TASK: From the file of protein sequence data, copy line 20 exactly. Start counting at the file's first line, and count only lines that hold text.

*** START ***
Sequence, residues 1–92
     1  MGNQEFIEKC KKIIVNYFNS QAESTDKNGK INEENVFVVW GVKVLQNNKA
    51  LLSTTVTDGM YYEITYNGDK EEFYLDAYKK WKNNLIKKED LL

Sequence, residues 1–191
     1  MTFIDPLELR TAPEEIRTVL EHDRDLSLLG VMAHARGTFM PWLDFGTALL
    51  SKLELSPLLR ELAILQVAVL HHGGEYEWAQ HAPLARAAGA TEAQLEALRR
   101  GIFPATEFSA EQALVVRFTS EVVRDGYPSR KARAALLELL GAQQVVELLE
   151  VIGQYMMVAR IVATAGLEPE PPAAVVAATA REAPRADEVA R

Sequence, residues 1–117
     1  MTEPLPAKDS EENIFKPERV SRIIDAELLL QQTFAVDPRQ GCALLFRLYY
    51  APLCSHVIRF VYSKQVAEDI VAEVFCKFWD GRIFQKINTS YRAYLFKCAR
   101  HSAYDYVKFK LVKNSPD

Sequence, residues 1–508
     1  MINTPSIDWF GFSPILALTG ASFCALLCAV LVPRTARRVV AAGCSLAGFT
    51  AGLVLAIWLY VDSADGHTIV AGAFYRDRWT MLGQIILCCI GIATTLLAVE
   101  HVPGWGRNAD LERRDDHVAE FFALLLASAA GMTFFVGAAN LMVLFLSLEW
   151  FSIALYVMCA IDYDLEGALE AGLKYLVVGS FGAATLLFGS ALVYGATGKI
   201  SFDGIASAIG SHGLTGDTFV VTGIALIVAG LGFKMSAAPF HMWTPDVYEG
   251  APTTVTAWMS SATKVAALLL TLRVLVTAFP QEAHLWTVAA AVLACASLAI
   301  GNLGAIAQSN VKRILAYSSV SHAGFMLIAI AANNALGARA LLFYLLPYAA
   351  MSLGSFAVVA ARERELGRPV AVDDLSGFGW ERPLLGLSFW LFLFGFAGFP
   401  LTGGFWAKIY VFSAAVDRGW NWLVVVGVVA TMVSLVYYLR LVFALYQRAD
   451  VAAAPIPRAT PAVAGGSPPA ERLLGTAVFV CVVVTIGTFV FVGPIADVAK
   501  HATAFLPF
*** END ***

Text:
   301  GNLGAIAQSN VKRILAYSSV SHAGFMLIAI AANNALGARA LLFYLLPYAA